I have been advised by my primary physician to schedule a cardiac catherization and possible stent placement procedure after having a Nuclear Stress Test with the following “Findings:
The study quality is excellent. There is no transient LV ischemic dilatation noted. The left ventricular chamber dimensions are normal. There is a mild to moderately reduced perfusion defect of moderate size in the inferoapical wall. Study quality: fair. SPECT images demonstrate normal perfusion at rest. The left ventricular chamber dimensions are normal. The defect in the inferoapical segment is reversible. The left ventricular chamber dimensions are normal. Normal systolic function. The calculated EF is at 60%.” And the “Impressions: 1. Ischemia: There is a mild to moderate area of ischemia in the infero-apical segment(s). 2. Stress EKG: Stress EKG Test Results – Normal. 3. There is no previous study available for comparison. 4. No evidence of infarction.” DO I NEED THIS PROCEDURE OR ARE THERE BETTER OPTIONS?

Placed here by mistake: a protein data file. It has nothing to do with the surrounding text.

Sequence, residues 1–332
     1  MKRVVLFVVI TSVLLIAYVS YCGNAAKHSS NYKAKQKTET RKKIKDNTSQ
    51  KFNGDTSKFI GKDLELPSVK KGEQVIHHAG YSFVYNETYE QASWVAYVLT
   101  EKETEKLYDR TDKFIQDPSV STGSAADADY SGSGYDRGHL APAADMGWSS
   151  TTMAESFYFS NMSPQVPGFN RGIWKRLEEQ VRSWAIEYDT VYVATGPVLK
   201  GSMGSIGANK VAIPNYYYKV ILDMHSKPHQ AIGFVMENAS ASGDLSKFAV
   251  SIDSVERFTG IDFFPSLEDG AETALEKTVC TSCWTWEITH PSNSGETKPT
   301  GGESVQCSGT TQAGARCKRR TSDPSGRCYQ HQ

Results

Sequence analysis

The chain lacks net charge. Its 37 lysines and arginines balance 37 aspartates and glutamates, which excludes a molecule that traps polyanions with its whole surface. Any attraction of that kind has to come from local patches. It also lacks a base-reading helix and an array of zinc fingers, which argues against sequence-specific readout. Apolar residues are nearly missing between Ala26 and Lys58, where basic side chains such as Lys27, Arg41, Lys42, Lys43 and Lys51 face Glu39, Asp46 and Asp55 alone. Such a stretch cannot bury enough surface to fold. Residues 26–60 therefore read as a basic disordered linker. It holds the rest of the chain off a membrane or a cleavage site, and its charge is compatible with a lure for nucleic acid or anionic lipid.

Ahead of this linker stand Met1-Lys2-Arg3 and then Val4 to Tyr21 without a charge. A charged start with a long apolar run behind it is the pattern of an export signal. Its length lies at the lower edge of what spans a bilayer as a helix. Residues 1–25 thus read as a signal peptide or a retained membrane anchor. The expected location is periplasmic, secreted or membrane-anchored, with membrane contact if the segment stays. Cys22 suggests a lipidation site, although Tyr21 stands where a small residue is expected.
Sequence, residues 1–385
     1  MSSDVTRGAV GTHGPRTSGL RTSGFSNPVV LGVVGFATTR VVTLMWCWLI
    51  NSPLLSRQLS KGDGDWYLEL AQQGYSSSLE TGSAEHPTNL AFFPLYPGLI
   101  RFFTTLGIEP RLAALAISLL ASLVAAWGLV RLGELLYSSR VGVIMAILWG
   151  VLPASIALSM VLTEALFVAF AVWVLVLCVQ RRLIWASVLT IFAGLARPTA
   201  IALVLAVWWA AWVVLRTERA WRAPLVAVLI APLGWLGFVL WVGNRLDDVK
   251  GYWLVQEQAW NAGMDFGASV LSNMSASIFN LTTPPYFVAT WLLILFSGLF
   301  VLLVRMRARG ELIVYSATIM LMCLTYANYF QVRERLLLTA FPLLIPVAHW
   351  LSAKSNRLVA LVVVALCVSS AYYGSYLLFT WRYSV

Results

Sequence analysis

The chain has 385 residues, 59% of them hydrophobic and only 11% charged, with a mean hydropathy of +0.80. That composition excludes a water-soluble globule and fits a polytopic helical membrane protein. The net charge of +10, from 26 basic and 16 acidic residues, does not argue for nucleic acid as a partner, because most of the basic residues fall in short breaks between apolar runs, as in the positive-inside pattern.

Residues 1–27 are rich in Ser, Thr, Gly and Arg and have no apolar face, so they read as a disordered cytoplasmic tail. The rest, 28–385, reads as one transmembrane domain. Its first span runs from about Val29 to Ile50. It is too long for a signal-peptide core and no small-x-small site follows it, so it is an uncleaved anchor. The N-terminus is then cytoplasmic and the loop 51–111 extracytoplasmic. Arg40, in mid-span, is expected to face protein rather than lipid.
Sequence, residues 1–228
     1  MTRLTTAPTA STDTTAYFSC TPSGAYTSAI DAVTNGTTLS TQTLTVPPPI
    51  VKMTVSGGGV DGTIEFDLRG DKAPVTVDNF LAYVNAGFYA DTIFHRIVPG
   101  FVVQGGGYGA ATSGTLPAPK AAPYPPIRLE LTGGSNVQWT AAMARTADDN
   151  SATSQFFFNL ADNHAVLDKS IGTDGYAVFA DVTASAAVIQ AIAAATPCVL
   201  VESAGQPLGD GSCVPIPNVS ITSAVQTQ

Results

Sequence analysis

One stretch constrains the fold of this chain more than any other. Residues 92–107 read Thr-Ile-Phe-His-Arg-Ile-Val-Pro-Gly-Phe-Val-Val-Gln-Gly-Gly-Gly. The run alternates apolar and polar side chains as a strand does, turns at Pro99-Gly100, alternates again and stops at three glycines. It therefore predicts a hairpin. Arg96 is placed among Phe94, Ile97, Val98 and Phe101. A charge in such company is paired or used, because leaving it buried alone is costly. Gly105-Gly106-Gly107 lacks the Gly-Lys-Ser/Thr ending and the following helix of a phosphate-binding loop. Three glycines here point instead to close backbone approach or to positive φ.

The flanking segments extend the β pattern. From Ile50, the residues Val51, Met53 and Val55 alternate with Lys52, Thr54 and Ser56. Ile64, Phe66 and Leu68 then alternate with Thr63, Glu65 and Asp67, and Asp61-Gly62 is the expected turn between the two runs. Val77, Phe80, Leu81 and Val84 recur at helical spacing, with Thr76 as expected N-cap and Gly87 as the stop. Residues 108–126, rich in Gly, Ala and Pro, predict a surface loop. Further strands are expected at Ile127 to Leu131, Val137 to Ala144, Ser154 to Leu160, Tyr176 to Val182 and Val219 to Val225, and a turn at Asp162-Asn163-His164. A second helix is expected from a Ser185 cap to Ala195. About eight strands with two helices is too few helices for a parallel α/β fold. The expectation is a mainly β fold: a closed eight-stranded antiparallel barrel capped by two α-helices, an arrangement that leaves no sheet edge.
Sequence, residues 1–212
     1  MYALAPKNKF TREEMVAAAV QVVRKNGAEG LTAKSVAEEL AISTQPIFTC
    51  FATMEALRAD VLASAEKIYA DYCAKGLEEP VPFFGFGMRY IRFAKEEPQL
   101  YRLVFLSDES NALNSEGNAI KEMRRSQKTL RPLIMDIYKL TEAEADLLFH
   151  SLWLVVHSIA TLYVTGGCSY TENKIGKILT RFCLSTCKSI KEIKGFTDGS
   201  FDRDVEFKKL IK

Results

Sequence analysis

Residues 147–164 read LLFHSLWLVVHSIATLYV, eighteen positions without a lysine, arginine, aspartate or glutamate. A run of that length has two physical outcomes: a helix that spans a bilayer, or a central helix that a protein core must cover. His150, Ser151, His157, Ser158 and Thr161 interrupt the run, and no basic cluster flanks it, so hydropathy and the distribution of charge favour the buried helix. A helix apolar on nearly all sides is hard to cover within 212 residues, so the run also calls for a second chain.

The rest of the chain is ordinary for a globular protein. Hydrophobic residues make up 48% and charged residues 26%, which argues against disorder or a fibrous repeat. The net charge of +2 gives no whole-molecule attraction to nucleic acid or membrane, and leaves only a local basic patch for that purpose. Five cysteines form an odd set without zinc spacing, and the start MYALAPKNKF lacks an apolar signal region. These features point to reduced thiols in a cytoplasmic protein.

The test proves you have insufficient blood supply to a small part of your heart, but that overall function is normal. Many patients can be treated with medications and a heart-healthy lifestyle, and a procedure such as a stent or bypass is only needed for them when there are disabling and/or progressive symptoms, or the blockage is in a dangerous location.
The blockage is likely in your right coronary artery and treatment should depend on your symptoms and the heart muscle section at risk. You can calculate your options here.
Hope this helps,